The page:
0.983

0.961

0.982

0.880

0.956

0.910

0.977

R2

0.45

0.55

0.45

0.54

0.36

0.50

0.37

0.49

df

38

38

38

38

38

38

38

38

t-test:

               

Mean LE-SR (mm/d)

1.87

1.86

1.82

1.86

1.76

1.85

1.79

1.85

Mean LE-EC (mm/d)

2.05

2.05

2.05

2.05

2.05

2.05

2.05

2.05

Pr>|t|

0.62(ns)

0.59(ns)

0.51(ns)

0.60(ns)

0.40(ns)

0.56(ns)

0.44(ns)

0.57(ns)

ns=no significant, df=degrees of freedom, SR=Surface renewal, EC=Eddy covariance

Figure 2. Comparison of daily evapotranspiration (ET) measured with surface renewal (SR) and Eddy covariance (EC) over a cotton field near Dalby during 2008-09. The labels 1.6m and 2m are the measurement heights above the soil surface, TC1 and TC2 are each of two thermocouples used at each height, and 0.25s and 0.50s are the time lags used to calculate H (H corrected using intercept=0).

Conclusions

Results showed no significant differences in daily ET measured with SR and EC under the conditions of this study. Because of failure of the EC systems during some periods, the number valid values of H and LE from EC were much less than those available from SR, which limited the comparison. These results, therefore, are preliminary and additional testing with other crops and environments are now underway. These results, however, show potential for using the SR method as a cheaper alternative to lysimeters and EC to directly measure daily ET. There is, however, a need to develop procedures to fill missing data for times when the assumptions of the SR method are not met.

References

Allen RG, Pereira LS, Raes D, Smith M (1998) Crop evapotranspiration - guidelines for computing crop water requirements. (Irrigation and Drainage Paper No. 56) Food and Agricultural Organization of the United Nations (FAO), Rome, Italy.

Anandakumar K (1999) Sensible heat flux over a wheat canopy: optical scintillometer measurements and surface renewal analysis estimations. Agricultural and Forest Meteorology 96, 145-156.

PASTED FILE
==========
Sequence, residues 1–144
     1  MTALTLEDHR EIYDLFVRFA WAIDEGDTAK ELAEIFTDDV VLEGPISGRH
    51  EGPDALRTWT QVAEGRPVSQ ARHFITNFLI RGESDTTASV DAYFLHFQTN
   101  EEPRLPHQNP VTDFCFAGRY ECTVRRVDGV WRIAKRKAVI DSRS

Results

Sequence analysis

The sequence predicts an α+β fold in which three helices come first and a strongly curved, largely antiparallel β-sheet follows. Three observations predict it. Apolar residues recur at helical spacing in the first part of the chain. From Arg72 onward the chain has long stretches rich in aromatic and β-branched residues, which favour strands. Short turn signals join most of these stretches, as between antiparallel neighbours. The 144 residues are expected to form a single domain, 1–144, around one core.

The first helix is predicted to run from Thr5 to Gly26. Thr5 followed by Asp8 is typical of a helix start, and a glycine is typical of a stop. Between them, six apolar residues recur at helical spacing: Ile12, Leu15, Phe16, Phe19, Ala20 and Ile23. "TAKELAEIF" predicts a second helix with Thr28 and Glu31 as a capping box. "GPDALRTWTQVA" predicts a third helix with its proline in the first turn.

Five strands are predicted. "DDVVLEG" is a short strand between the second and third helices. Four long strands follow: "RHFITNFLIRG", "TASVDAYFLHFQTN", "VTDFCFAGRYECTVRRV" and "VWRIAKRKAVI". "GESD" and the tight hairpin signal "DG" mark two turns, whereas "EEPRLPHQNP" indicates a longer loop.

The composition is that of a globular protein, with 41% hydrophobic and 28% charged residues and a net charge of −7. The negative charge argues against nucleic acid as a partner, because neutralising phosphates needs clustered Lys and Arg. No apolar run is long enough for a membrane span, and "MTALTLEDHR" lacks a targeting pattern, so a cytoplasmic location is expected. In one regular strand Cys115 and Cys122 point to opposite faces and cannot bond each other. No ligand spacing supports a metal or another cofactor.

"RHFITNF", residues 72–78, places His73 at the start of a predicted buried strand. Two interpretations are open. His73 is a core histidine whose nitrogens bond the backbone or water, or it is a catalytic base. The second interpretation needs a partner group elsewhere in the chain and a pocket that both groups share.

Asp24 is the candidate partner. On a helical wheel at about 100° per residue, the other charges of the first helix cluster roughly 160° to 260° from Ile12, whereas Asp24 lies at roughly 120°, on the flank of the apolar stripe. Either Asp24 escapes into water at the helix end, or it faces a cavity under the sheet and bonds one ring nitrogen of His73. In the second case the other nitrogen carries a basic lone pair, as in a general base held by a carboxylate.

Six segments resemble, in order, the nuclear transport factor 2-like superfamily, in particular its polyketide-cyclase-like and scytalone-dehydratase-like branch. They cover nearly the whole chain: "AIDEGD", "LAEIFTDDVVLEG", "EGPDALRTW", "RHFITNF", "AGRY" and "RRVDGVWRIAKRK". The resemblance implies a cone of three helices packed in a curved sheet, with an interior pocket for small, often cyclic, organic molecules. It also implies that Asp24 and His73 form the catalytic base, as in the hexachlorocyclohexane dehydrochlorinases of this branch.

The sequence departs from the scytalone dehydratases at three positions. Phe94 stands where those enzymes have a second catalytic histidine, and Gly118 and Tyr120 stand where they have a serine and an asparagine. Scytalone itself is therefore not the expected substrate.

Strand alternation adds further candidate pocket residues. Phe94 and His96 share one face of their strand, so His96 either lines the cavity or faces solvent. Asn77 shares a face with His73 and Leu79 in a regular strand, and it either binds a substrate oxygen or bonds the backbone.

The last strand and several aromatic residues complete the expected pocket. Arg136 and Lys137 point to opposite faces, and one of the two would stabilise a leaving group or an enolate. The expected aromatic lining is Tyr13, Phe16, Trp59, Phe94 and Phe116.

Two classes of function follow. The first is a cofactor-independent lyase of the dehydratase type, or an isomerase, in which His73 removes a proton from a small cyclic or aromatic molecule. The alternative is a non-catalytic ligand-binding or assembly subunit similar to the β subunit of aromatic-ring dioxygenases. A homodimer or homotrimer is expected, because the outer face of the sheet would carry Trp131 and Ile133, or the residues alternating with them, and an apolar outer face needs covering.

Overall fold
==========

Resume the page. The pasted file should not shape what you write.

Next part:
Castellvi F, Martinez-Cob A and Perez-Coveta O (2006) Estimating sensible and latent heat fluxes over rice using surface renewal. Agricultural and Forest Meteorology 139, 164-169.

Castellvi F, Snyder RL and Baldocchi DD (2008) Surface energy-balance closure over rangeland grass using the eddy covariance method and surface renewal analysis. Agricultural and Forest Meteorology 148, 1147-1160.

Munk DS, Wroble J, Robb J, Snyder RL and Hutmacher R (No date) Comparative evaluation of Pima and Upland cotton transpiration in the San Joaquin Valley, pp. 1-8, California.

Paw U KT, Qiu J, Su H, Watanabe T and Brunet Y (1995) Surface renewal analysis: a new method to obtain scalar fluxes. Agricultural and Forest Meteorology 74, 119-137.

Simmons LJ, Wang J, Sammis TW and Miller DR (2007) An evaluation of two inexpensive energy-balance techniques for measuring water use in flood-irrigated pecans (Carya illinoinensis). Agricultural Water Management 88, 181-191.

Snyder RL, Spano D, Duce P, Paw U KT and Anderson FE (2007) Surface Renewal Manual, Davis, California.

Snyder RL, Anderson FE, Spano D, Duce P, Paw U KT and Russo AE (2006) SR_Excel, University of California. Davis, California.

Van Atta CW (1977) Effect of coherent structures on structure functions of temperature in the atmospheric boundary layer. Arch. of Mech. 29, 161-171.